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Some folks say you haven’t really mastered marksmanship unless you can hit a target when standing tall ‘on your own hind legs’. Of all the shooting positions, standing can be the most challenging because you have no horizontally-solid resting point for your forward arm/elbow. Here 10-time National High Power Champ Carl Bernosky explains how to make the standing shot.
Carl Bernosky is one of the greatest marksmen in history. A multi-time National High Power Champion, Carl has won ten (10) National High Power Championships in his storied shooting career, most recently in 2012. In this article, Carl provides step-by-step strategies to help High Power shooters improve their standing scores. When Carl talks about standing techniques, shooters should listen. Among his peers, Carl is regard as one of the best, if not the best standing shooter in the game today. Carl rarely puts pen to paper, but he was kind enough to share his techniques with AccurateShooter.com’s readers.
If you are position shooter, or aspire to be one some day, read this article word for word, and then read it again. We guarantee you’ll learn some techniques (and strategies) that can improve your shooting and boost your scores. This stuff is gold folks, read and learn…
How to Shoot Standing by Carl Bernosky
Shooting consistently good standing stages is a matter of getting rounds down range, with thoughtfully-executed goals. But first, your hold will determine the success you will have.
1. Your hold has to be 10 Ring to shoot 10s. This means that there should be a reasonable amount of time (enough to get a shot off) that your sights are within your best hold. No attention should be paid to the sights when they are not in the middle — that’s wasted energy. My best hold is within 5 seconds after I first look though my sights. I’m ready to shoot the shot at that time. If the gun doesn’t stop, I don’t shoot. I start over.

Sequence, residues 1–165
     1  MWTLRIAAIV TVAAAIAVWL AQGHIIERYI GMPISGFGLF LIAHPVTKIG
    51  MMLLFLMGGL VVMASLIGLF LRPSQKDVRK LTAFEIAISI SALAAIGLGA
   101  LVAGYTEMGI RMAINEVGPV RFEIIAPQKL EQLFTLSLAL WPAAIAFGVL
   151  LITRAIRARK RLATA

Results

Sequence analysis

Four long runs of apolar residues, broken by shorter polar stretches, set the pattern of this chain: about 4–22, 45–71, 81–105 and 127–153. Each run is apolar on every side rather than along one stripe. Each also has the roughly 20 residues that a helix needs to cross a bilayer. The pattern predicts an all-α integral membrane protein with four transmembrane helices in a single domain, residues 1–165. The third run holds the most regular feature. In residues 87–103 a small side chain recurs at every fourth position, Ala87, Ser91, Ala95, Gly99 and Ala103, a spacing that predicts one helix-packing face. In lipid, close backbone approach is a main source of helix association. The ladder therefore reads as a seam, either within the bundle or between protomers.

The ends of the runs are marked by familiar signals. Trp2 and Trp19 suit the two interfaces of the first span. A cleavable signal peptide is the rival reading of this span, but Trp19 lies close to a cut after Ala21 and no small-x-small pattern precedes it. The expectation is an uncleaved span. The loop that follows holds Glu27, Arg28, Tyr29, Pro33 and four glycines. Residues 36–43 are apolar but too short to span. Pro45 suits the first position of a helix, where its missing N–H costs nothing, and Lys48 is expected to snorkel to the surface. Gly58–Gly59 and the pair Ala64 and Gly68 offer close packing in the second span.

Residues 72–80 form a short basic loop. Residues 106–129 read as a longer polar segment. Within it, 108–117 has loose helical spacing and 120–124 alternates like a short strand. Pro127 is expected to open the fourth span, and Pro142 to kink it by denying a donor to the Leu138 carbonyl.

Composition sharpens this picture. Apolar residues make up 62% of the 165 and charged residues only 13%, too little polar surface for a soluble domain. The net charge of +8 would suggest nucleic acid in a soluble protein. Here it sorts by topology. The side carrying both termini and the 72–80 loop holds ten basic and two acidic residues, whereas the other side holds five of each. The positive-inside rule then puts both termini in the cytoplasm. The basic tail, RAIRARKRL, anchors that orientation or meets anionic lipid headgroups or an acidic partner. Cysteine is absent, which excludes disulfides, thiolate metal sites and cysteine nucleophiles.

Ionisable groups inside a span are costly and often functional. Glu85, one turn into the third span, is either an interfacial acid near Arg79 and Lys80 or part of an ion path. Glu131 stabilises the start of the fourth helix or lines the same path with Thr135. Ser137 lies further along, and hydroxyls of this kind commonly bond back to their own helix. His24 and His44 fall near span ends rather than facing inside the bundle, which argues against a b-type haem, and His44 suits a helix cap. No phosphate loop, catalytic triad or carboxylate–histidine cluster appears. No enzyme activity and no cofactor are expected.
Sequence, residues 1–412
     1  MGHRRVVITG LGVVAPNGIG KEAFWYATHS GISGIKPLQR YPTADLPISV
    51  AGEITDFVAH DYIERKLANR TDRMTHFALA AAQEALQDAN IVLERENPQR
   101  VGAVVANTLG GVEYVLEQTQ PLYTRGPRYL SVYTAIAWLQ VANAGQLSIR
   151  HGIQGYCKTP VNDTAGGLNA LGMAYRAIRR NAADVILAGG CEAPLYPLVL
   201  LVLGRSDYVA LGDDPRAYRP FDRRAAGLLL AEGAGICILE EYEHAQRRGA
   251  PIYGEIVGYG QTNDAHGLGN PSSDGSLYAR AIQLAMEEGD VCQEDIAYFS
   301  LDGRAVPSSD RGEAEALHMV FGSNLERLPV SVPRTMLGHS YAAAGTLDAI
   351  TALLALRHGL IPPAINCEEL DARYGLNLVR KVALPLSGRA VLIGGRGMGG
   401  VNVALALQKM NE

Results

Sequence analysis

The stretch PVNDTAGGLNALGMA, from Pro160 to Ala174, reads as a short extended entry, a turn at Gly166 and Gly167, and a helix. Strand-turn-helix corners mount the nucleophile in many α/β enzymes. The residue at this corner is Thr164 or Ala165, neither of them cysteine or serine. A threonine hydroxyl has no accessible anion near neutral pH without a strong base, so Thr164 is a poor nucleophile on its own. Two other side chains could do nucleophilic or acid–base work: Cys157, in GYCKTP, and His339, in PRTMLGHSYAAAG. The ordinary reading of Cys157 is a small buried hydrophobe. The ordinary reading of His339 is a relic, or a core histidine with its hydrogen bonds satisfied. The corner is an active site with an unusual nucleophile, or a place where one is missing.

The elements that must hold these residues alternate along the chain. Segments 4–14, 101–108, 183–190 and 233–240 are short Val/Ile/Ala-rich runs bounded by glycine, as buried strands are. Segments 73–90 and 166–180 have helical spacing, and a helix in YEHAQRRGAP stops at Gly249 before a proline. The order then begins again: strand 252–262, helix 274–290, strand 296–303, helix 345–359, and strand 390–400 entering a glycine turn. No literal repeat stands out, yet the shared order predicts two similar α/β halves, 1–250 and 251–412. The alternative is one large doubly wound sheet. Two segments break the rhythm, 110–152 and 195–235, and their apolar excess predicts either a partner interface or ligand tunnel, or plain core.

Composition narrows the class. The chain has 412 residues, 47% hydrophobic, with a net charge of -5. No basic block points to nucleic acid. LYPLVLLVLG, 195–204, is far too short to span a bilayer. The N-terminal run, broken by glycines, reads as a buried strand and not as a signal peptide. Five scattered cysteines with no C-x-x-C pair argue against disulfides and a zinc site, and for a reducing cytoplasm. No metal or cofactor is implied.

2. The shot has to be executed with the gun sitting still within your hold. If the gun is moving, it’s most likely moving out, and you’ve missed the best part of your hold.
3. Recognizing that the gun is sitting still and within your hold will initiate you firing the shot. Lots of dry fire or live fire training will help you acquire awareness of the gun sitting still. It’s not subconscious to me, but it’s close.
4. Don’t disturb the gun when you shoot the shot. That being said, I don’t believe in using ball or dummy rounds with the object of being surprised when the shot goes off. I consciously shoot every shot. Sometimes there is a mistake and I over-hold. But the more I train the less of these I get. If I get a dud round my gun will dip.* I don’t believe you can learn to ignore recoil. You must be consistent in your reaction to it.
5. Know your hold and shoot within it. The best part of my hold is about 4 inches. When I get things rolling, I recognize a still gun within my hold and execute the shot. I train to do this every shot. Close 10s are acceptable. Mid-ring 10s are not. If my hold was 8 inches I would train the same way. Shoot the shot when it is still within the hold, and accept the occasional 9. But don’t accept the shots out of the hold.